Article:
Butter, sugar, apples. Yum.

A funny thing happened on the way to pie.

I’ve been obsessing on Swedish apple pie lately. When I get that bug, I Google and Pinterest for recipes and mentally compare them to find or blend what I’d like to make.  At the same time, I’d come across this awesome quickie puff pastry recipe , and thought – oh, a galette!

Oh, wait, maybe with the Swedish style apple filling!

Ding! It was a date.

Then life happened.

PieMontageC

 

I decided to try a deep pan. Found a great recipe, only it used buttered graham cracker for the crust. Sounds too greasy! I’ll just use a pâte sucrée; I think the puff pastry is better suited to a galette. Make the dough. Roll it out. Only thing is, with a straight tall edge, the pie crust just slides down the pan. Shit. Fine, it won’t be deep dish. I’ll just use my 6” round tarte pans. Great! On to the filling!

I found the most awesome recipe (look at this!!! Look at that top crust!! Omg!  ) Get all the ingredients out of the fridge. I don’t have sour cream, but I do have half a container left of this gorgeous full-fat Greek style goatsmilk yogurt from the Farmer’s Market and that’ll do great. I got it before Christmas, but it should be fine!  Peel and slice the apples, mix them with their flour and sugar. Go to open the yogurt to make the mixture to pour on top, and…..it is green and hairy. Because, you know, real food. Not stuff from the grocery designed to stay fresh through the apocolypse. Shit again! Sigh. Fine. American style apple pie it is. Only with the fruit sliced like Swedish style. So, Swedish American apple pie.  SWAP. At least I tried for something a little different, right?…

Almost ready to bake....
Almost ready to bake….

Welcome to the insanity that is my foodie fixation. I’m exhausted. Glad I had some pie to boost my blood sugar.

So, I caved and sprinkled cinnamon sugar on top.
So, I caved and sprinkled cinnamon sugar on top.

With some vanilla icing, of course. To pay homage to the Swedish vanilla sauce…..

Butter, sugar, apples. Yum.

 
For the crust
1 recipe pâte brisée (use Martha’s – http://www.marthastewart.com/317858/pate-brisee-pie-dough) But here are the ingredients, so the nutritional calculator app will work)
2.5 c. AP flour
1 c. butter
1 tsp. sugar
1 tsp. salt
1/3 c. ice water
For the filling
5 tart apples, peeled and sliced 1/4″
1/2 c. sugar
1/3 c. AP flour
Dash salt
2 Tbsp unsalted butter
Topping
Cinnamon sugar
Vanilla glaze (powdered sugar, vanilla and water)
Instructions
Prepare, chill, and roll out the crust recipe and lay it in the pan. (Two 6″? One 10″? You choose.)
Preheat oven to 350*
Mix all the filling ingredients (except the butter) in a large bowl.
Dump the filling in the crust. Dot with the butter.
Fold the crust edges over, galette style, or crimp it, or go all fancy with a braided edge.
Bake about 40 mins, until the filling is bubbling and the crust is golden.
Cool to warm-ish, drizzle with the icing and EAT IT ALL.
Notes
I made two 6-inch pies, but this could do one 10-inch.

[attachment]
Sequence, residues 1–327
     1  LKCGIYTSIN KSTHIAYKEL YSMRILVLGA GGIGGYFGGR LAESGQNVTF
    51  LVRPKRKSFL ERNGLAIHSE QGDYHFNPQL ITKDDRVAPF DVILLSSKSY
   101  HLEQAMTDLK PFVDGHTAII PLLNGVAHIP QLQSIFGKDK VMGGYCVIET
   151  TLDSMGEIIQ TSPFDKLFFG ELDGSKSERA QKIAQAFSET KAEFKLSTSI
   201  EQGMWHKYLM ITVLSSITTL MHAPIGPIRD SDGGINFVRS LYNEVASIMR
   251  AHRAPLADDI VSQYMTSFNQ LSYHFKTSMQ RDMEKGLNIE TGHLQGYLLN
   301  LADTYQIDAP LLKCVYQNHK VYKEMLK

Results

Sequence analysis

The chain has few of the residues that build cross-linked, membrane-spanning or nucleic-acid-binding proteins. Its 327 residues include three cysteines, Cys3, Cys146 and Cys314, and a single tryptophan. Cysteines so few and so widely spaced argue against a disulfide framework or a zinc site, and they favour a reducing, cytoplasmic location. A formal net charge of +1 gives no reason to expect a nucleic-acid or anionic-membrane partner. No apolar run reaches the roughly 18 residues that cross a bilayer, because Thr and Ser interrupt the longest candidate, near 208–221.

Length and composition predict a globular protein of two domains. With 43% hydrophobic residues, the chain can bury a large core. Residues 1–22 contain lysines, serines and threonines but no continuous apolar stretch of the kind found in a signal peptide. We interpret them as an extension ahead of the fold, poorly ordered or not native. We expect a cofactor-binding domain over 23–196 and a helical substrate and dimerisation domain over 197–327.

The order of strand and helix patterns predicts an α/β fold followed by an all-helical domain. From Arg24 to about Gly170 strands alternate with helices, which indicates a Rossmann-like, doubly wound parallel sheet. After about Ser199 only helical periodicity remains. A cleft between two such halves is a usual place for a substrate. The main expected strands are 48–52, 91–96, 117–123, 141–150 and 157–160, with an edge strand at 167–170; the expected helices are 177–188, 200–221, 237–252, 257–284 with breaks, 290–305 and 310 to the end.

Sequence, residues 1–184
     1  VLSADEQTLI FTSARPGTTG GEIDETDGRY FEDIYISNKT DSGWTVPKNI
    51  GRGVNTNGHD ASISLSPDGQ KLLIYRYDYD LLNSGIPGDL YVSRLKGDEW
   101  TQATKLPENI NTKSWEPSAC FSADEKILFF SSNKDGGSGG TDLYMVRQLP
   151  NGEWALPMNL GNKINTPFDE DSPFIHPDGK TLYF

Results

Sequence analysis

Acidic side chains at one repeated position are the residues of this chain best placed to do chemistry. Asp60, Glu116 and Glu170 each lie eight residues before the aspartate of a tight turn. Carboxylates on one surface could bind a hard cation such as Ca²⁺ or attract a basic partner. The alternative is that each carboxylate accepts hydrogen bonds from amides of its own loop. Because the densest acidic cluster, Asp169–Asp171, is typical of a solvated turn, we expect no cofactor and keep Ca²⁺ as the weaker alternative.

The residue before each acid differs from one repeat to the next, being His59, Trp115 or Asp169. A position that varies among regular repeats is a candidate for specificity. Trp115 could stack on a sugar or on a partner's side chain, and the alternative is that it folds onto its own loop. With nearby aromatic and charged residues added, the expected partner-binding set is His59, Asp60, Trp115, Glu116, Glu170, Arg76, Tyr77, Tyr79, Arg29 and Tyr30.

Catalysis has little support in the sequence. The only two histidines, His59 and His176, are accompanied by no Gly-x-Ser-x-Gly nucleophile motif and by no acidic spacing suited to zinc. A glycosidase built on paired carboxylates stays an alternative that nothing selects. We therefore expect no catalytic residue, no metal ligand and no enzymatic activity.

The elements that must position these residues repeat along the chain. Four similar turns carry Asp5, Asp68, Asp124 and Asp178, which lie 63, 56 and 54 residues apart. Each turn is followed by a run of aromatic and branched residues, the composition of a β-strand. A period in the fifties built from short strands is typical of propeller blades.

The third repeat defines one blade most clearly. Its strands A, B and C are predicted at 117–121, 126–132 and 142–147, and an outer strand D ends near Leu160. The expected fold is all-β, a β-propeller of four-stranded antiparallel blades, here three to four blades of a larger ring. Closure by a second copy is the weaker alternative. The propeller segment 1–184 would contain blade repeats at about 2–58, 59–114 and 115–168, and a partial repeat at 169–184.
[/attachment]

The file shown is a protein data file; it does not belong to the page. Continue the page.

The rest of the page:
Servings 12
Calories 335
Fat 18 g
Sodium 213 mg
Carbs 42 g
Protein 3 g

Spicy Cherry Tomato Onion Jam, aka Grown Up Ketchup V2.0

 Cherry Tomato Jam

Our fabulous neighbors who market have struck again! This time with four pounds of cherry tomatoes from the Market on the Move.  But it’s December, so cooking them was the main option.  Ya’ll know I love me some cherry tomato jam, so I thought it’d be fun to mix it up a little this time around. Add some spice. Add half onion. I’d been reading about slow cooker jams, so I thought, “Hey! Let’s try it!”

Jam Montage
What could possibly go wrong?

 So, I got all the ingredients in the crockpot about midday, happily anticipating canning some jam after dinner. …. Fast forward to 6 pm. Yes, that would be six hours later. When suddenly I remember an essential element of jam making: evaporation. And an essential element of the slow cooker’s success: lack of evaporation. I had a soupy mess that looked almost exactly like it did six hours earlier. Sigh. So, I had to ice bath those puppies and started again the next morning. A couple hours on low in a stock pot on the cook top, and we were ready to rock and roll. 

Finally!
Finally!

This version is very tasty, but it can’t stand on its own as a jam like previous versions – say with a bacon or cheese scone. With a good strong cheese like asiago or Manchega and some crispy bread, though? We are talking seriously tasty.

Know any Ploughman looking for lunch?
Know any Ploughman looking for lunch?

 

Tangy, sweet, creamy, crunchy. That's the four food groups, right?
Tangy, sweet, creamy, crunchy. That’s the four food groups, right?

 Bon appétit!  Try it, and share how it goes!
Ingredients
3.75# grape or cherry tomatoes, washed and halved
2# sugar
1 large white onion, grated
2 sm. White onions, in ¼” crescents
3 cloves garlic, peeled and smooshed
½ c. balsamic vinegar
3 dashes Worsteshire sauce
3 tsp. grated ginger (or 3 Dorot frozen ginger cubes)
1 tsp. Liquid Smoke
2 tsp. dried thyme leaves
1 tsp. pimenton dulce ahumado
1 tsp. red chili flakes
1/2 tsp. ground clove
Freshly ground black pepper
Instructions
Put everything in a big stock pot, cook on low until it is reduced to a good jam consistency. Put in sterile jars in the fridge or the freezer. If you’d like to can, I’ll put a link below with the directions.
For canning directions. These folks know their stuff
http://www.pickyourown.org/jam.htm